There are strict criteria to qualify for the Death With Dignity program in Oregon. A participant must be at least 18-years old, be an Oregon resident, have the capability of making and communicating health care decisions, and cannot have more than 6 months to live. Eligibility must be determined by at least two physicians, and the lethal prescription comes with a 15-day waiting period. At the point of taking the prescription, the patient must be totally mentally competent. A participant can change their mind at any time, and over 1/3 of patients who obtain the necessary prescription do not use it.
There are a lot of myths and misconceptions about Death With Dignity. It is not euthanasia, which is when a physician administers a lethal dose or injection. It is not terminal sedation, which is the practice of sedating a terminally ill, competent patient to the point of unconsciousness. It is not the same as a patient withholding life-sustaining treatments like medicine, food or water; a patient withholding their own treatment is perfectly legal in every state, while Death With Dignity is not. It is not the same as administering pain medication that may speed up the death process. Death With Dignity is a very specific and patient-driven program that requires the competent, terminal patient to proactively plan and execute their inevitable death.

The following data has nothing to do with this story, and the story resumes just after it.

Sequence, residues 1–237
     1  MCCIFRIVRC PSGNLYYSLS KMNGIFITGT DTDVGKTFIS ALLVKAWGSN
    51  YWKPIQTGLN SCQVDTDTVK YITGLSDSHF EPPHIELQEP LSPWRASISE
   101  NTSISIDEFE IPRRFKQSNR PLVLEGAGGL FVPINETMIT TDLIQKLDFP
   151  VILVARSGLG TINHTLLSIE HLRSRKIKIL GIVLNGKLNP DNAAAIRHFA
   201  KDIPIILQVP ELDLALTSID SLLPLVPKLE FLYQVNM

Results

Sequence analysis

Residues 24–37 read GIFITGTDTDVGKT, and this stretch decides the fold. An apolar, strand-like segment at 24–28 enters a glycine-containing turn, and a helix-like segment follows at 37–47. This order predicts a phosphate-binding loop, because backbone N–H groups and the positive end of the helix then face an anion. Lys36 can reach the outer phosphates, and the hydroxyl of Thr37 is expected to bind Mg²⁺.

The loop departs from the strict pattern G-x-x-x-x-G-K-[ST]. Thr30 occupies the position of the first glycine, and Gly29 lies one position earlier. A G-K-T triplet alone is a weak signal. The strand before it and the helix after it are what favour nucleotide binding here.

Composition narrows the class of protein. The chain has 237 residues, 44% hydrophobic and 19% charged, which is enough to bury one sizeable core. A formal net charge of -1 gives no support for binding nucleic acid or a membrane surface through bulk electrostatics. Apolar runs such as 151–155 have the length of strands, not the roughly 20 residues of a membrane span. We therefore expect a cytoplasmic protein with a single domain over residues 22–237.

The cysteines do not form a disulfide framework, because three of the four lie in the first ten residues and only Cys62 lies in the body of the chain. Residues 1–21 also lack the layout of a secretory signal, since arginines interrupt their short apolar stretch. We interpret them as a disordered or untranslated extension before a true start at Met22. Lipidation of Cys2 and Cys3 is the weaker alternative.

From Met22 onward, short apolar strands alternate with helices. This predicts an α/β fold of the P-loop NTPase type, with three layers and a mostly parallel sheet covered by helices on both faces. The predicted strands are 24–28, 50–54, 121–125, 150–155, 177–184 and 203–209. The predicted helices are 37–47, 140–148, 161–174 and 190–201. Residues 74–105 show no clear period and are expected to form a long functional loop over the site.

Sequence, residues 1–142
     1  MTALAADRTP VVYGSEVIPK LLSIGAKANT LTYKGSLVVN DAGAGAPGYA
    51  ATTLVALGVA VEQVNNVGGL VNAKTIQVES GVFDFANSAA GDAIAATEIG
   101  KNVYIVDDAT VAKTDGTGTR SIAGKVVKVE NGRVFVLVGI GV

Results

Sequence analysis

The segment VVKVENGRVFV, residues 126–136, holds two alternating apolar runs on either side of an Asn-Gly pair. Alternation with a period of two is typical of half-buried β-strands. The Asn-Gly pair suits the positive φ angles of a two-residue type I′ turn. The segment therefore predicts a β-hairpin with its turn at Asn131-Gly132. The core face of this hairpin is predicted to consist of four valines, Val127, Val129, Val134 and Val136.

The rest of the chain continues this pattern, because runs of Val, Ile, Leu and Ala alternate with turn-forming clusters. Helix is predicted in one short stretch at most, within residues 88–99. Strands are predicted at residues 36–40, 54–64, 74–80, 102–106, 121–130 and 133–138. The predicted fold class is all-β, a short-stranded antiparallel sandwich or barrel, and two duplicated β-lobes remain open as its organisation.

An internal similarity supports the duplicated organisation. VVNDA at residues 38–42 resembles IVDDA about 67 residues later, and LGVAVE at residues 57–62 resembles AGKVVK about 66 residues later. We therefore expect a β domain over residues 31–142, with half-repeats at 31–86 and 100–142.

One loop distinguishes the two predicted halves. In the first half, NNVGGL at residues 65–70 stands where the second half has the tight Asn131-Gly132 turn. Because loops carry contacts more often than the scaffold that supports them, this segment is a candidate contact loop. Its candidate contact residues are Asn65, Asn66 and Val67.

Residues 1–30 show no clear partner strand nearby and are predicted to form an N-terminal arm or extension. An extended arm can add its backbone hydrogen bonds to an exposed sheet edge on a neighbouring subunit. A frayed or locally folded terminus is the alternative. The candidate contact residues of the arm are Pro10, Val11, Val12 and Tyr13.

Opponents of dignified death programs worry that terminally ill patients may be pressured to end their lives in order to save money or avoid being a burden. I’m not sure how the existence of these programs would facilitate eliminating expensive or burdensome patients because it is the farthest thing from a strategically placed pillow. Physicians, friends, and family members cannot legally drive this process even if they wanted to.